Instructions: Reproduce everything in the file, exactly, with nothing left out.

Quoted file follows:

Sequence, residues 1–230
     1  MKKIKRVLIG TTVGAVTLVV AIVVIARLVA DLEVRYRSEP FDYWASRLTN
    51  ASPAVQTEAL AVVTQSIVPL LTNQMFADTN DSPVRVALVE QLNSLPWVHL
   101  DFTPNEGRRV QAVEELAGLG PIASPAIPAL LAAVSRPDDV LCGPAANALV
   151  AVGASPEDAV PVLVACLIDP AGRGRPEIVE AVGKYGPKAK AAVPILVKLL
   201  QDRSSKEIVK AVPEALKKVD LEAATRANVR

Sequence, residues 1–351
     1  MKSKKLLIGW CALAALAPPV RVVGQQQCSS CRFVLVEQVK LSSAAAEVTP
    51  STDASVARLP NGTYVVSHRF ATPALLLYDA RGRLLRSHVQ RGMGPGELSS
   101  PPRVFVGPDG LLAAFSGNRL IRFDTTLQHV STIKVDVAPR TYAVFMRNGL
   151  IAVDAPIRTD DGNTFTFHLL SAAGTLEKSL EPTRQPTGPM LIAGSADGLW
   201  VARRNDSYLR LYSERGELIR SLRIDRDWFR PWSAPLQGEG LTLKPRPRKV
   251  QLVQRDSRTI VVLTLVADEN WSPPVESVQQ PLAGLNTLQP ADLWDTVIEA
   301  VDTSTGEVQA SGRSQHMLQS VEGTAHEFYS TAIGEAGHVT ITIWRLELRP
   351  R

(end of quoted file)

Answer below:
Sequence, residues 1–230
     1  MKKIKRVLIG TTVGAVTLVV AIVVIARLVA DLEVRYRSEP FDYWASRLTN
    51  ASPAVQTEAL AVVTQSIVPL LTNQMFADTN DSPVRVALVE QLNSLPWVHL
   101  DFTPNEGRRV QAVEELAGLG PIASPAIPAL LAAVSRPDDV LCGPAANALV
   151  AVGASPEDAV PVLVACLIDP AGRGRPEIVE AVGKYGPKAK AAVPILVKLL
   201  QDRSSKEIVK AVPEALKKVD LEAATRANVR

Sequence, residues 1–351
     1  MKSKKLLIGW CALAALAPPV RVVGQQQCSS CRFVLVEQVK LSSAAAEVTP
    51  STDASVARLP NGTYVVSHRF ATPALLLYDA RGRLLRSHVQ RGMGPGELSS
   101  PPRVFVGPDG LLAAFSGNRL IRFDTTLQHV STIKVDVAPR TYAVFMRNGL
   151  IAVDAPIRTD DGNTFTFHLL SAAGTLEKSL EPTRQPTGPM LIAGSADGLW
   201  VARRNDSYLR LYSERGELIR SLRIDRDWFR PWSAPLQGEG LTLKPRPRKV
   251  QLVQRDSRTI VVLTLVADEN WSPPVESVQQ PLAGLNTLQP ADLWDTVIEA
   301  VDTSTGEVQA SGRSQHMLQS VEGTAHEFYS TAIGEAGHVT ITIWRLELRP
   351  R